When, however, it got bruited about by the philanthropy of her neighbours, that, forsooth, a young lady had been stolen away from her protection, most likely through her carelessness, or lack of caution, or unfitness for her calling ; and when some said, "I am sure I would never send my daughter to such a school," and when others (who were too poor to pay the half-year's bill) cried out vociferously, "Well, I think it is time I take. my daughter away—she shall stay there,"—then, indeed, this worthy teacher of archery to the young idea, conceived another passion within her bosom, videlicet—"ail uneasiness of the mind upon the thought of a good lost, which might have been enjoyed longer, or the sense of a present evil—which passion, in the vulgar tongue, goes by the common name of " sorrow."

The "good lost," as mentioned above, was the young lady herself—or, under correction, the fair round sum she yearly received with her; or, to do her justice, the reputation of her school, touching which, she put herself into an infinite fluster:—a good " which might have been enjoyed longer," that is, if the misfare had not befall.. So, also, "the sense of the present evil" was neither more nor less than the reflecting on these sad matters.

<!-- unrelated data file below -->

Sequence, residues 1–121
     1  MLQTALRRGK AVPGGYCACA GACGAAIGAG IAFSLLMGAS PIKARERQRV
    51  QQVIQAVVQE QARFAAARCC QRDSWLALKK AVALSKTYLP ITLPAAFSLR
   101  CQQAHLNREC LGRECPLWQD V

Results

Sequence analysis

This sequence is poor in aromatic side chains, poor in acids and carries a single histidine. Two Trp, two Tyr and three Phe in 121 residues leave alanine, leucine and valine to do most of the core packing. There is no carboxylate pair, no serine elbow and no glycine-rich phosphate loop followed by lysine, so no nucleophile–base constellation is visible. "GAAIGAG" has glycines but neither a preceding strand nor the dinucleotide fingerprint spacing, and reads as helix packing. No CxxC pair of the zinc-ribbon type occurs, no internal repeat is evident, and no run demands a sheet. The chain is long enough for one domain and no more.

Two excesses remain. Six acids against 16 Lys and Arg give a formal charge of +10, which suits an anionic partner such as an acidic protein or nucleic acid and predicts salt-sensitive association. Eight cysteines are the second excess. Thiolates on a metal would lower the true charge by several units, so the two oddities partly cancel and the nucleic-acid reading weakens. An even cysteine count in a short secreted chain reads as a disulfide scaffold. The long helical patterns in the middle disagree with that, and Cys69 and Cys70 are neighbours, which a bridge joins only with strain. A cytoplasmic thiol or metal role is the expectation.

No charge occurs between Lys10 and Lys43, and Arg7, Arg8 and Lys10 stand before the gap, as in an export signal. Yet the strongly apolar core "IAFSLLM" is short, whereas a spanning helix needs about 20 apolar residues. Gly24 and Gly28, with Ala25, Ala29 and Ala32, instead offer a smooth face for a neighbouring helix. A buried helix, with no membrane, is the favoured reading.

Unable to control these passions any longer, together with one or two others ycleped "suspense" and "impatience," she resolved to journey forthwith to Shrigley, and ascertain the real truth; for suspense and incertitude are worse than death ten times over.

When she had arrived there and stated her case, there was, indeed, a fine to-do in that house ; the brooks were augmented with tears, the winds with sighs, and the thunders of heaven with oaths ten fathom deep. The inquiries were minute, the lamentations great and loud, the conjectures many, and the resolutions various.